Forget the Vibraplane or the HRS platform; go with the Mapleshade Vibration Control System (brass footers, maple block, and Isoblocks). I quote from the Mapleshade catalog: "In independent head-to-head listening tests, the Mapleshade [VCS] invariably sounds better than $5000 Vibraplane air suspension platforms-much warmer, more detailed, and more naturally dynamic at less than 1/20 the cost. Ditto for expensive composite platforms, sandboxes, and air tube/bladder suspensions from Symposium, Ginko, HRS, Seismic Sink, Bright Star, Nuance, Sistrum, and Silent Running."

I jest of course.
Brinkman was showing two of its turntables on Vibraplanes at the latest show in NYC. The sound was fantastic.

I tried the mapleshade Vibration Control System, then a Townshend Seismic Sink and now use an active Vibraplane. There is just no comparison. I did have custom steel ballast plates made to preload the Vibraplane so that with the turntable and amps, the total supported weight is close to the maximum design load. Excellent results.
Forget the Vibraplane or the HRS platform; go with the Mapleshade Vibration Control System (brass footers, maple block, and Isoblocks). I quote from the Mapleshade catalog: "In independent head-to-head listening tests, the Mapleshade [VCS] invariably sounds better than $5000 Vibraplane air suspension platforms-much warmer, more detailed, and more naturally dynamic at less than 1/20 the cost. Ditto for expensive composite platforms, sandboxes, and air tube/bladder suspensions from Symposium, Ginko, HRS, Seismic Sink, Bright Star, Nuance, Sistrum, and Silent Running.

That sounds great :-)
I bet, this Mapleshade "solution" is a result of endless research, sleepless nights and a deep understanding in technical knowledge. Real Engineering. Just the best after sliced bread.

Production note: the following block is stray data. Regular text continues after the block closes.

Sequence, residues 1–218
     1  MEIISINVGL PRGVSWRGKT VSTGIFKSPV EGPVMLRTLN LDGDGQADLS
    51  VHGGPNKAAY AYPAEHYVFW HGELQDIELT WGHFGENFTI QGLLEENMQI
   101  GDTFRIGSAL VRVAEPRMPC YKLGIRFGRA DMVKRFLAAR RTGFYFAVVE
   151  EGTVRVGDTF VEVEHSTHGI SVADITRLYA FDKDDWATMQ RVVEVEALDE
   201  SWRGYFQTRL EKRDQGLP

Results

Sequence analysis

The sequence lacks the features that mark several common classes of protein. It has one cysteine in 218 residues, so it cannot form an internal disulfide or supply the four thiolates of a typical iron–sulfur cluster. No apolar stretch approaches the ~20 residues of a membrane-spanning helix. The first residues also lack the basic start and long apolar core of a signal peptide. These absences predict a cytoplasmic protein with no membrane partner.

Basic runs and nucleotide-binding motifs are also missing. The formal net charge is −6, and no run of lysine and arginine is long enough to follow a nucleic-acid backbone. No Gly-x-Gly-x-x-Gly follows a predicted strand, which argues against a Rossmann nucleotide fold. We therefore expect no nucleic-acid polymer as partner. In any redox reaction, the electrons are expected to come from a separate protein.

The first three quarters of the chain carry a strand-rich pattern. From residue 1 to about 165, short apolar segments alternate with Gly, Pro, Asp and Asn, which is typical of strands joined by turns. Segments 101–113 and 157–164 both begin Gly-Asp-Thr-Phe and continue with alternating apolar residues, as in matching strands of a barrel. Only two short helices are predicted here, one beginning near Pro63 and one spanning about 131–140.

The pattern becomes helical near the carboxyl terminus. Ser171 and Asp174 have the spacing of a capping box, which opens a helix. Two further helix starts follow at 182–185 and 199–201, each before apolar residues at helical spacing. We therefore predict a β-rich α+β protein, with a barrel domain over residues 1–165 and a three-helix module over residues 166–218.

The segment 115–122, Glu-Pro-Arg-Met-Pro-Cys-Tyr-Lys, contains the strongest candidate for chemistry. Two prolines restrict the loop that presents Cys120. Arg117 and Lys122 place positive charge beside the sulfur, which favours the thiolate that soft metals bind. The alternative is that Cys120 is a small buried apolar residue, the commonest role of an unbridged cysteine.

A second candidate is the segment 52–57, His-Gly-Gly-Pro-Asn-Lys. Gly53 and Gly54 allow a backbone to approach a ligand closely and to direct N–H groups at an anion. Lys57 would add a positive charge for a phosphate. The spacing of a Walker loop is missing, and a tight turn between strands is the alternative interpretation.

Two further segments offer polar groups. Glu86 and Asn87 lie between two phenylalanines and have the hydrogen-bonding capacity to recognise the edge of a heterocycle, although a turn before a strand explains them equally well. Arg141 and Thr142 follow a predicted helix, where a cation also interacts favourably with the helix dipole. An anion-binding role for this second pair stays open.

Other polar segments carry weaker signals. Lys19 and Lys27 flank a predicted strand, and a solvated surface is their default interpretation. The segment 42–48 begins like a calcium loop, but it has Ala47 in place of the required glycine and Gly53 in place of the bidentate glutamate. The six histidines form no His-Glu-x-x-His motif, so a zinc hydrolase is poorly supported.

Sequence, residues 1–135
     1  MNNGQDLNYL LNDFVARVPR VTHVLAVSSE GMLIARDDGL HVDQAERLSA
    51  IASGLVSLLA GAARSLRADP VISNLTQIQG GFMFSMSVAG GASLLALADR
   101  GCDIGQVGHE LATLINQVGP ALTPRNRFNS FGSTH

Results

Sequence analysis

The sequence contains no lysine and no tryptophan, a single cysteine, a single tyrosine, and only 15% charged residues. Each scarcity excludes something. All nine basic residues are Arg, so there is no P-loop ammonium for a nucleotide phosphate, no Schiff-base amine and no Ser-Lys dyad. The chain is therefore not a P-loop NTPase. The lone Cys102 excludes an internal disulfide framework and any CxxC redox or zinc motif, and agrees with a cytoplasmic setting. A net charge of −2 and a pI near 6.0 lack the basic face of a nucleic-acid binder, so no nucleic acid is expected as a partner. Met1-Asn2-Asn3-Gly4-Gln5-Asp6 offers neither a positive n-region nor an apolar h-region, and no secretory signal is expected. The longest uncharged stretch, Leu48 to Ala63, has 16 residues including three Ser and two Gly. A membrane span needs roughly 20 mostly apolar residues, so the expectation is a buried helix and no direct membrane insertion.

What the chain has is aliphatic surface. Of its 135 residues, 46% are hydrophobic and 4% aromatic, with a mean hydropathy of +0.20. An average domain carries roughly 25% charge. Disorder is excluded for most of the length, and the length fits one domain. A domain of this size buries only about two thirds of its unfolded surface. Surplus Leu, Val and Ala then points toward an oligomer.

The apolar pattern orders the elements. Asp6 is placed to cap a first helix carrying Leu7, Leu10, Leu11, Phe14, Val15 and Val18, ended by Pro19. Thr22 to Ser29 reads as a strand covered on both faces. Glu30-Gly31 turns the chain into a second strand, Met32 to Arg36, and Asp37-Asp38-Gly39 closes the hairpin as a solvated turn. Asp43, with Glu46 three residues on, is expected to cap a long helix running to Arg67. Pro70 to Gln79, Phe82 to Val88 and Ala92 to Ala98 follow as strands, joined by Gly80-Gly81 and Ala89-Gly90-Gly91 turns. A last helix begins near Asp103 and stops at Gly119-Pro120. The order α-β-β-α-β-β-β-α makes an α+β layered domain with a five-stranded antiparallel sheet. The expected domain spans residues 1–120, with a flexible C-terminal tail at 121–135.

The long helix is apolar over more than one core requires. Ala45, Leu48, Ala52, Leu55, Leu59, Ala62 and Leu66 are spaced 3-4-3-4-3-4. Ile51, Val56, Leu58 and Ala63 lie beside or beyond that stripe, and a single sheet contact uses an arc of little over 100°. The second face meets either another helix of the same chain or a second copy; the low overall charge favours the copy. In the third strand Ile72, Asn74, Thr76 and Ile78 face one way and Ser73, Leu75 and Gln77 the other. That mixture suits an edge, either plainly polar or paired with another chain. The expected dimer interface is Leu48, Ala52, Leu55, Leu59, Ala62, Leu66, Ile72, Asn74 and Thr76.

The Mother Of High End
Yeah, I'm especially convinced by "invariably" and "ditto."

Anyone have experience with the HRS M3X platforms? They're the unknown quantity to me.
Think Pierre might just know a thing or two about engineering,Syntax?

------------------------------------

Mapleshade was founded in 1989 by Pierre Sprey, who had been recording since 1986.[1] Prior to his career in jazz recording, Sprey had worked as an aeronautical engineer in The Pentagon, designing A-10 and F-16 fighter jets.[1] The label is based in Upper Marlboro, Maryland. A sister label, Wildchild Records, was founded in 1995. In later years the label branched into R&B and blues.
Or this might be of interest.
___________________________________________

Boyd, defense analysts Tom Christie and Pierre Sprey, and test pilot Col. Everest Riccioni and aeronautical engineer Harry Hillaker formed the core of the self-dubbed "Fighter Mafia" which worked behind the scenes in the late 1960s to pursue a lightweight fighter as an alternative to the F-15. Riccioni coined the nickname, a joke on his Italian heritage that harkened back to the "Bomber Mafia" (whose acolytes still occupied the upper command positions of the Air Force), and dubbed himself the "godfather". In 1969, under the guise that the Navy was developing a small, high-performance Navy aircraft, Riccioni won $149,000 to fund the "Study to Validate the Integration of Advanced Energy-Maneuverability Theory with Trade-Off Analysis". This money was split between Northrop and General Dynamics to build the embodiment of Boyd's E-M theory - a small, low-drag, low-weight, pure fighter with no bomb racks. Northrop demanded and received $100,000 to design the YF-17; General Dynamics, eager to redeem its debacle with the F-111, received the remainder to develop the YF-16.[2]
______________________________

So I'd say Pierre has a pretty solid engineering background, wouldn't you. In fact, far more than many, many other high-end designers. And no, I don't own any his products.
One last reference: